Publication - Statistics

Poverty and Income Inequality in Scotland: 2013/14

Published: 25 Jun 2015
Part of:
Statistics
ISBN:
9781785444975

The latest National Statistics on poverty and income inequality in Scotland, up to and including 2013/14.

79 page PDF

1.9 MB

79 page PDF

1.9 MB

Contents
Poverty and Income Inequality in Scotland: 2013/14
Chapter 3: Household characteristics and income distribution

79 page PDF

1.9 MB

Chapter 3: Household characteristics and income distribution

3.1 Household composition

Key points:

  • Lone parents saw the largest decrease in relative poverty BHC, decreasing by 12 percentage points to 16 per cent. As a result, single people, both pensioners and working age adults, now have a higher risk of relative poverty BHC than lone parents.
  • The bottom four deciles all saw an increase in the percentage of households where all adults were in full-time employment and a decrease in households with adults in part-time employment only.
  • The bottom decile saw the largest decrease in the percentage in part-time employment, from 18 per cent to 7 per cent. This was accompanied by an increase in those in full-time employment but also by those in households with no adults in employment.
  • 62 per cent of those in the bottom decile are in households with no adults in employment, an increase of 3 percentages points on the previous year.
  • However, families with someone in employment make up 46 per cent of those in the bottom three deciles, the same as in 2012/13.

Chart 13 – Risk of poverty BHC by household type – 2013/14

Chart 13 - Risk of poverty BHC by household type - 2013/14

Source: HBAI dataset, DWP. These figures are also presented in Annex 1 (Table A11).

Commentary:

Lone parents saw the largest decrease in relative poverty BHC, decreasing by 12 percentage points to 16 per cent in 2013/14. As a result, single people, both pensioners and working age adults, now have a higher risk of relative poverty BHC than lone parents.

There were a higher percentage of single adult households (both with and without children) towards the lower end of the income distribution. Single people without dependent children make up 30 per cent of those in the lowest decile, and around 20 per cent or less in the other deciles. Similarly, single parent households are concentrated in the lower income deciles, with more than half in the bottom three income deciles.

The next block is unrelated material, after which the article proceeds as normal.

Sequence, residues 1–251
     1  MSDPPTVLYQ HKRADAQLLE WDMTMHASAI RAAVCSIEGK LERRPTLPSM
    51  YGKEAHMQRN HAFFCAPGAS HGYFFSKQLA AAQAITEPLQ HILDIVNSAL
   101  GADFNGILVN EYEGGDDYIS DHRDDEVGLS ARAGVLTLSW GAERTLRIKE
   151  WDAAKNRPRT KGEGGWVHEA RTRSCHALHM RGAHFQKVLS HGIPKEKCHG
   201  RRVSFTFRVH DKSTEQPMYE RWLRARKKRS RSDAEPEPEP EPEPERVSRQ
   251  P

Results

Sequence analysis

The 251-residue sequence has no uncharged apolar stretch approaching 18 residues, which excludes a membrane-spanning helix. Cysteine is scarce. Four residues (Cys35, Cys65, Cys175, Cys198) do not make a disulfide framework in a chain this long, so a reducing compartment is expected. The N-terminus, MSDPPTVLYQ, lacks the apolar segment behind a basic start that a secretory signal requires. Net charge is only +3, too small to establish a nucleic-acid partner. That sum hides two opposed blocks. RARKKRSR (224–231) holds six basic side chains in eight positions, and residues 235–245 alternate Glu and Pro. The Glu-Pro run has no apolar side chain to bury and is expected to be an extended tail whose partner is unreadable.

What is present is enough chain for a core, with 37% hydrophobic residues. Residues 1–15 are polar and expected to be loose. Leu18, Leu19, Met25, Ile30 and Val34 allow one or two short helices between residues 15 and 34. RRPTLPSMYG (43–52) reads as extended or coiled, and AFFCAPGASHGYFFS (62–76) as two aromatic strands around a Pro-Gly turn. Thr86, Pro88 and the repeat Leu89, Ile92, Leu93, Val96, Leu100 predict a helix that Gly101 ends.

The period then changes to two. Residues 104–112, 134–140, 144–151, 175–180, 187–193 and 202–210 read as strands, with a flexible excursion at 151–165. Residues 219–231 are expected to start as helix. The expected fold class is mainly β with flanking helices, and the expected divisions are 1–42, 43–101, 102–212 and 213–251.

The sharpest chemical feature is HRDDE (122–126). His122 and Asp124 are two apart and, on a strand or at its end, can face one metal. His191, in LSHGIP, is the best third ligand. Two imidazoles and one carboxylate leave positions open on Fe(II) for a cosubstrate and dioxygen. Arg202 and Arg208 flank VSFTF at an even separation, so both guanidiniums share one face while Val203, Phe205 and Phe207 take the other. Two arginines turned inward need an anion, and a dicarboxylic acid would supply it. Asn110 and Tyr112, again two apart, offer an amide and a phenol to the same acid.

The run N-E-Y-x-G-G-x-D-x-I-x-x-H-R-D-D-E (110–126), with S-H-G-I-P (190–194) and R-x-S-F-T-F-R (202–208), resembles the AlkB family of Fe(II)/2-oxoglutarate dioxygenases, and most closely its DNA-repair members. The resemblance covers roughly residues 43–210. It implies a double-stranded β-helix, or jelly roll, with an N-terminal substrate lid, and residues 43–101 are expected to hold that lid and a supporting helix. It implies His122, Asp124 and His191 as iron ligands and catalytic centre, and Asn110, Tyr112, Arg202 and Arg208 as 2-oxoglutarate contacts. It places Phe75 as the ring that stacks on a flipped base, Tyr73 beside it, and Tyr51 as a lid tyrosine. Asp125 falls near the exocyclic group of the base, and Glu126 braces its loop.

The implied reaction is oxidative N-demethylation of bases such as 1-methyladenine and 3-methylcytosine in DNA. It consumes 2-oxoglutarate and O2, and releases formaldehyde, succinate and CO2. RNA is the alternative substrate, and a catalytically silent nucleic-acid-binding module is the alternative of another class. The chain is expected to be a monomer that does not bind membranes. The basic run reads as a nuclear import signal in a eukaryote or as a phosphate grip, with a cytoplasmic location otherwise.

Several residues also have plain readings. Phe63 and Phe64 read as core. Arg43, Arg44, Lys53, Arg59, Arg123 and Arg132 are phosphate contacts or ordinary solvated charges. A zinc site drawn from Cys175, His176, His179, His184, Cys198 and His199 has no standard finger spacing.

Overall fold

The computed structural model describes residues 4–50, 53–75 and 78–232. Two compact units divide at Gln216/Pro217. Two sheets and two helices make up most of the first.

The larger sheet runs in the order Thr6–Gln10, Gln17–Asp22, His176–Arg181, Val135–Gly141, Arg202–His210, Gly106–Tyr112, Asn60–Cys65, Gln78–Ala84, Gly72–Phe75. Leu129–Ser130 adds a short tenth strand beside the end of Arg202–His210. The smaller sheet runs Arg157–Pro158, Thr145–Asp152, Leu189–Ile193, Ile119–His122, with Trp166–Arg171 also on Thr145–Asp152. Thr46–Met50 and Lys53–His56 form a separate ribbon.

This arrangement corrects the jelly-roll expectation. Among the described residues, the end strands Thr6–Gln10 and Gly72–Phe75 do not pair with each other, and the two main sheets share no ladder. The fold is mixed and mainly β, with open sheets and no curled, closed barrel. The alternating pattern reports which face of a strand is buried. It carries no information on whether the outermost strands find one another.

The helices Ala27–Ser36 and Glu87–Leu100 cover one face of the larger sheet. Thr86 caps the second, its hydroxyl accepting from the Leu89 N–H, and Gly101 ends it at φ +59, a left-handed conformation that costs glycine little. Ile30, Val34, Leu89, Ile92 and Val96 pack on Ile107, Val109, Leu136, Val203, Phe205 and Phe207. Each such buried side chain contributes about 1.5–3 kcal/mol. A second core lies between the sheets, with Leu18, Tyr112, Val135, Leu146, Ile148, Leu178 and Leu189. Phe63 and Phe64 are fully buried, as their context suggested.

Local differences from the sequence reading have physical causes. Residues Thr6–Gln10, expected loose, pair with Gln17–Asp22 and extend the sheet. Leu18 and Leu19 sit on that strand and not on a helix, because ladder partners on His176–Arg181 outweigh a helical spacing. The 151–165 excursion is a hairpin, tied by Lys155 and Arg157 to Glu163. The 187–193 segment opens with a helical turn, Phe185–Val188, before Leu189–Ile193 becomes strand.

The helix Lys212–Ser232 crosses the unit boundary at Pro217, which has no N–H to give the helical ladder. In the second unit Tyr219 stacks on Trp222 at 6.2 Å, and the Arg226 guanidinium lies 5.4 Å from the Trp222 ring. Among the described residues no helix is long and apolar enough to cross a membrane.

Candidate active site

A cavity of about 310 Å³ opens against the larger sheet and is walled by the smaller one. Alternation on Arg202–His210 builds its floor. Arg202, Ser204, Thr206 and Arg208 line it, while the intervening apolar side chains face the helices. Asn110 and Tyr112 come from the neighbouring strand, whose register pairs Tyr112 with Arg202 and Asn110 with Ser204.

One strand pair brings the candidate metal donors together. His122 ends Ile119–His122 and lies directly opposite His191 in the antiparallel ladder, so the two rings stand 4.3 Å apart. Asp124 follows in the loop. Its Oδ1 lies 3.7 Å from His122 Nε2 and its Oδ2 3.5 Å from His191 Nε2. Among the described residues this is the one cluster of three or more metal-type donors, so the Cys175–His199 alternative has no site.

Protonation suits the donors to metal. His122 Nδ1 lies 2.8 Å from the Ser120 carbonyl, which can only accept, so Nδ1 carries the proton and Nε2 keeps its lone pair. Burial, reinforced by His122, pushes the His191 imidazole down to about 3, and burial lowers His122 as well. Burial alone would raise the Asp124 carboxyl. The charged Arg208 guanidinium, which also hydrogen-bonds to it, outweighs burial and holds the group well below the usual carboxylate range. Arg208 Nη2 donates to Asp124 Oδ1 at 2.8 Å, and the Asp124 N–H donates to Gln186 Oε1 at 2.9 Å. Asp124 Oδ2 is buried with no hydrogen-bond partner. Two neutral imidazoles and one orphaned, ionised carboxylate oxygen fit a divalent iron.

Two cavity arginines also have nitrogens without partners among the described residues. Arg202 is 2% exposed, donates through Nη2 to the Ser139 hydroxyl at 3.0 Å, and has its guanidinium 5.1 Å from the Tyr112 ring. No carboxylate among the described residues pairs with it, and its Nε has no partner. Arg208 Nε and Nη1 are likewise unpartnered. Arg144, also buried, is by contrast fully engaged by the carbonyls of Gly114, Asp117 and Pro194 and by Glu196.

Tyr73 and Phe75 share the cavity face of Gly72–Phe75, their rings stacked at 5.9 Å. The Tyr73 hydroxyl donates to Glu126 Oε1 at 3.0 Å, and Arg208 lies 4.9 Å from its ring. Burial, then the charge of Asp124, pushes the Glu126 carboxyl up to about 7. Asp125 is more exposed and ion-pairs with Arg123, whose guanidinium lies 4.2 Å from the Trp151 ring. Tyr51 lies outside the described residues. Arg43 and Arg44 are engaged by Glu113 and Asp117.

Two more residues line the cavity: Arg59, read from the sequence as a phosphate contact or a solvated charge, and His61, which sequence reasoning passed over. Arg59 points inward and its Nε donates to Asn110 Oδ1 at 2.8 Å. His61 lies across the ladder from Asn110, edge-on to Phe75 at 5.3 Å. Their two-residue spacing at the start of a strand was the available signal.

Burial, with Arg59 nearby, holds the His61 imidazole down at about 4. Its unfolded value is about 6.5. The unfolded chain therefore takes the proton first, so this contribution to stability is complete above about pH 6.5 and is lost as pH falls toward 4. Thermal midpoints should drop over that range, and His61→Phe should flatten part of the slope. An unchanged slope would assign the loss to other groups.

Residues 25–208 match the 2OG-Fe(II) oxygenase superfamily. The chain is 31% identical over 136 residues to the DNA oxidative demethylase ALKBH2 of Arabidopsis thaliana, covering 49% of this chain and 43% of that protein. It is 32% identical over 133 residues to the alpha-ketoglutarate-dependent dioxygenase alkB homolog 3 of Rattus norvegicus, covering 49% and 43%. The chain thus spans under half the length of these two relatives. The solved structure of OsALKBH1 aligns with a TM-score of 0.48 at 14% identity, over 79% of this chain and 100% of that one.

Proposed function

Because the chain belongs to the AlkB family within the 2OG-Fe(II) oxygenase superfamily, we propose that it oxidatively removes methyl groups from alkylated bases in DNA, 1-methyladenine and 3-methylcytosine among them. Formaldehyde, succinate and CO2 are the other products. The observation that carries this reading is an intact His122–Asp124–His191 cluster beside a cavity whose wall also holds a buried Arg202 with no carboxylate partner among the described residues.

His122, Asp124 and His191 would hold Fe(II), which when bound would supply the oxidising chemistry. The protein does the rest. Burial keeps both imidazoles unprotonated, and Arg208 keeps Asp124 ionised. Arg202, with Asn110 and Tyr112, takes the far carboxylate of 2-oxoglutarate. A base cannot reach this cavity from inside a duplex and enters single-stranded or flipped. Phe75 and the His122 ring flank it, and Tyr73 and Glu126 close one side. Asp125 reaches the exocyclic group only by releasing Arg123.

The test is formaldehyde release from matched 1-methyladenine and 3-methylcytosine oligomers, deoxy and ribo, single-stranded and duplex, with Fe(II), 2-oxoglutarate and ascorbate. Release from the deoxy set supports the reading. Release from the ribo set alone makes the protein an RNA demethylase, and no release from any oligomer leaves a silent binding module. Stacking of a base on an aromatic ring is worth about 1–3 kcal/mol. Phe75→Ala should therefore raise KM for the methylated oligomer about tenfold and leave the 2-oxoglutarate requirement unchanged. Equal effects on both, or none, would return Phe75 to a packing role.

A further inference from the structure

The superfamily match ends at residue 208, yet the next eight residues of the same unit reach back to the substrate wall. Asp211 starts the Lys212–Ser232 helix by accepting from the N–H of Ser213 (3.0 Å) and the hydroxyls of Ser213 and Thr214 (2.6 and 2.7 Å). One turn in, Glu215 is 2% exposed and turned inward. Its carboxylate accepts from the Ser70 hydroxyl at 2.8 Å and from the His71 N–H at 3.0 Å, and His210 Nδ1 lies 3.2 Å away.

However there has been a decrease in the percentage of single parent families in the bottom two deciles with increases in deciles 3 and 4, accompanied by a decrease in the rate of relative poverty BHC for single parent families. This reflects the increase in the number of lone parent families in employment in 2013/14. 16 per cent of people in single parent families were in relative poverty BHC in 2013/14 compared to 28 per cent in 2012/13, a decrease of 12 percentage points. This is a decrease of 50 thousand people.

There were also more pensioners towards the lower end of the income distribution. This is particularly true for single pensioners with 15 per cent in the bottom decile compared to less than 4 per cent in each of the top 3 deciles. Relative poverty BHC for single pensioners increased to 21 per cent, a 1 percentage point increase.

In 2013/14, single pensioners are now the family type most likely to be in relative poverty BHC. In 2012/13, this was single parent families but with the decrease in poverty rates for this group, single pensioner poverty is now higher.

Single working age people without children were also over-represented in the bottom decile with 16 per cent having incomes in the bottom 10 per cent of the distribution. They were more evenly distributed across the rest of the distribution.